Steve Durham, assistant director of Louisville Metro Department of Corrections, plans to speak to Presbyterians Wednesday as they make their way from the Presbyterian Center to local government offices to call for an end to the cash bail system.
Speaking during “Coffee with the Clerk” Monday with the Rev. Dr. J. Herbert Nelson, II, Stated Clerk of the General Assembly, via Facebook Live, Durham said that 85 percent of the people lodged at the city’s Main Jail – about 90 people were booked each day during 2018, while an average of 89 were released daily — are charged with what he called low-level crimes, including theft, passing a bad check, public intoxication, drug possession and trespassing.
People charged with even low-level crimes must remain in jail if they are unable to pay their bail. That can lead to job loss, family strife and other complications. Using the Hands and Feet Initiative begun during last year’s General Assembly in St. Louis, Presbyterians are partnering with the organization The Bail Project to put on Wednesday’s march, which will feature a number of speakers, including Nelson and Durham.
“Why put so many people in jail we aren’t afraid of and who aren’t a threat to us?” Durham asked Nelson. “In jails, there is overcrowding throughout the U.S., and it’s primarily related to the inability to pay bond.”
Jails should be places “to protect you and me from individuals who can harm us, or are a danger to us,” Durham said. When police and prosecutors have a strong presumption that an accused person has committed a more serious crime, “they need to remain in custody,” he said.
A growing number of studies shows that being in jail more than 24 hours “really starts to impact a person’s life,” Durham said. Employers grow less enthusiastic about holding a job open for the accused person as days go by. Those unable to raise bail money within 4-7 days after going to jail are 35 percent more likely to commit a crime than those released within 24 hours; for those who spend 8-14 days in jail, the recidivism rate goes up to 51 percent, Durham said.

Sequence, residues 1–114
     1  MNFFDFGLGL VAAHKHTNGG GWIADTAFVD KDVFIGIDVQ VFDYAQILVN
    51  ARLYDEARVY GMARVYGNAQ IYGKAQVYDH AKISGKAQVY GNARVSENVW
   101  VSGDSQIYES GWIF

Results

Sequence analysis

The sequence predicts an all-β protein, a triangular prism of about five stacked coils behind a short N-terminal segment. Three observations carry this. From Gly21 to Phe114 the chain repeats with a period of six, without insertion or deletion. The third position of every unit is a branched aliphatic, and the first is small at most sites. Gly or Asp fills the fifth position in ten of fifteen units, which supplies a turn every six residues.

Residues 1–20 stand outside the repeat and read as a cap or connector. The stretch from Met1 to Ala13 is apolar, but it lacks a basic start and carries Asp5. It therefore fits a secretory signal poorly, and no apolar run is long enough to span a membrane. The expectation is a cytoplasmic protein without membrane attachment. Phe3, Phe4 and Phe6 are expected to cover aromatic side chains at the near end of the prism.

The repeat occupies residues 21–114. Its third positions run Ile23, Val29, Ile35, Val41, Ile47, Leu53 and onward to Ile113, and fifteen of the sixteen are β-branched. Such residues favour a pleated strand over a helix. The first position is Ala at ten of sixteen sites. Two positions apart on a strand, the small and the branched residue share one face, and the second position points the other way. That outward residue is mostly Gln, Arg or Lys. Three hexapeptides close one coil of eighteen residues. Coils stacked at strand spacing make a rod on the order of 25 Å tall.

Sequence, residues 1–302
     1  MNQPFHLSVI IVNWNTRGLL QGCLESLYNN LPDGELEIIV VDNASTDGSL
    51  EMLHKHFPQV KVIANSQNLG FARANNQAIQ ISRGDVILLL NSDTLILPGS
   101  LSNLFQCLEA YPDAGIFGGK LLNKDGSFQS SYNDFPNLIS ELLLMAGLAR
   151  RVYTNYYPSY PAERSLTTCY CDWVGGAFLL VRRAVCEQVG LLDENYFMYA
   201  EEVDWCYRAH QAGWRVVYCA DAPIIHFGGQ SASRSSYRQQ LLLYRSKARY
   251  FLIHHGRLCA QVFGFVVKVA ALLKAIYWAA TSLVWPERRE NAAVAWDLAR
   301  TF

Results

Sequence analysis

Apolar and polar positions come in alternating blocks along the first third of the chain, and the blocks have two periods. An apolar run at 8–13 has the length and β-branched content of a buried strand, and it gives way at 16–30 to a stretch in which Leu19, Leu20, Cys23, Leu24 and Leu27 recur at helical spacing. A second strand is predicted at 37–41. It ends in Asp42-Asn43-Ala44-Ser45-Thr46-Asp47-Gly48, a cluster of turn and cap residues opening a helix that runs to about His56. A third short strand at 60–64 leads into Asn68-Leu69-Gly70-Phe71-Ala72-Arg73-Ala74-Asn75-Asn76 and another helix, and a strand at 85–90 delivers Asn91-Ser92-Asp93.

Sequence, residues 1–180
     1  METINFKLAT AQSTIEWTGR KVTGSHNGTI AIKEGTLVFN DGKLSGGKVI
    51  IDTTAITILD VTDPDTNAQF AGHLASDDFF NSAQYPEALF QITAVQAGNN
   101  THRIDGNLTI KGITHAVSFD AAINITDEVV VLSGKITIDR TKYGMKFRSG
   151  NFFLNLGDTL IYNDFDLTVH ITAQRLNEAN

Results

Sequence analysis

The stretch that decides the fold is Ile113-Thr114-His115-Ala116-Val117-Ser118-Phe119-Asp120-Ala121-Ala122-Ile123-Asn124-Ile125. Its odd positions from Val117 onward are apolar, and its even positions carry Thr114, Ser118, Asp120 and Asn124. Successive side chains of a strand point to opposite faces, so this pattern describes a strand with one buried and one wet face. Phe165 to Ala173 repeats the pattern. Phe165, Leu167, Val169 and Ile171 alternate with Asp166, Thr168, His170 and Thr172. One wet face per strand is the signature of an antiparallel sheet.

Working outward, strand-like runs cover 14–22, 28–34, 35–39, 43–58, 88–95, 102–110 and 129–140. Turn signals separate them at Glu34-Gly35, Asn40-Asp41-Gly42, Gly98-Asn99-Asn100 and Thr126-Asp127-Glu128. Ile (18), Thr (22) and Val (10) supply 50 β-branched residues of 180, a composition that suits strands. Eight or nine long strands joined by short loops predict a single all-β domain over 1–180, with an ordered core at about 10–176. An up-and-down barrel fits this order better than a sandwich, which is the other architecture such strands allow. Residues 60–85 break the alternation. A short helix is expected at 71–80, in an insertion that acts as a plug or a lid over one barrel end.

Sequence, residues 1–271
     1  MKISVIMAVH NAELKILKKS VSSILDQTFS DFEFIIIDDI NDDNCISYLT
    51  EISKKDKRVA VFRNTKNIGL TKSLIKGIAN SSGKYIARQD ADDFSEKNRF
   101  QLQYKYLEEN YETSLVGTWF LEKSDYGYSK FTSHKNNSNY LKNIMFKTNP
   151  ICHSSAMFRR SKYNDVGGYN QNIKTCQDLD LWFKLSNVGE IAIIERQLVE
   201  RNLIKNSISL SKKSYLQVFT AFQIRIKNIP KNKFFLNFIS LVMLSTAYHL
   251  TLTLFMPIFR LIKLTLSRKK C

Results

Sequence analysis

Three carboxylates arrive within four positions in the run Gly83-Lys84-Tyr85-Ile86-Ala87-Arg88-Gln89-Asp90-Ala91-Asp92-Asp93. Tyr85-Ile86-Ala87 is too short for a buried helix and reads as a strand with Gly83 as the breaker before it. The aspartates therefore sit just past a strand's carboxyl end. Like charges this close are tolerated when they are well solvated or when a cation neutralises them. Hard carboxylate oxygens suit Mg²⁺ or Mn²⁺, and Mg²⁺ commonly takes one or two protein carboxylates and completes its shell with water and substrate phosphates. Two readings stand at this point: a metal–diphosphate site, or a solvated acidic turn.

“The evidence shows we are harming ourselves more by keeping a pretrial detainee in jail than by getting the person out on bond,” Durham told Nelson.
Durham, who’s been on the job since 2015, said local corrections officials are working to reduce the number of repeat offenders — it costs $80.51 each day to jail a person — through a program called Familiar Faces Action and Community Transition. With the goal of breaking the cycle of incarceration, homelessness and further incarceration, inmates are given a number of goods and services upon their release from the jail, including a backpack full of clean and seasonally-appropriate clothing and footwear, medication, hygiene items, public transportation, a temporary state ID card — even a ride to temporary housing.
“We walk them to the door, ring the doorbell, and say, ‘Tom, I want you to meet Bob,’” Durham said. “That’s the last image we want them to see — a handshake and a smile from a corrections officer who’s helping them to get a new start.”
Durham said a study looking at two years before the program started and the two years that followed the program’s inception showed that 40 percent of offenders “had not come back in two years. They are getting connected and getting the chance to live to their full human potential.”
“There’s something about that that touches the core of the human spirit,” Nelson replied. “It humanizes us a little bit more.”
“It doesn’t work all the time,” Durham responded, “but that doesn’t mean we are going to stop.”
The conversation about bail reform is going on across the nation, Durham said. California has done away with its cash bail system, and other states are considering similar changes in state law. Reform is taking place in statehouses as well as courthouses, he said.
Some judges have argued the current system is unconstitutional “when it’s unfair and unjust in its application” because it violates constitutionally-required due process and equal protection rights, Durham said.
One study showed that an equal number of people — 96 percent of those accused of a crime — show up for their court dates whether they’d been released for making their bail payment or remained in jail until they were scheduled to appear, Durham said.
The discretion that judges would be given by eliminating cash bail, including the right of victims to tell the judge how they’ve been harmed by a crime, “is the right system,” Durham said. It’ll also reduce the need some accused people feel to plead guilty for a crime they didn’t commit. “That’s an injustice you can’t overturn,” he said.
Nelson said Wednesday’s march “is more than a follow-up” to last year’s General Assembly march.
“It’s a recognition that we have a responsibility as a corporate citizen to be part of the growth and development of the city, to try to make Louisville a better place to live,” he said. “We have a responsibility to look beyond our collection plates.”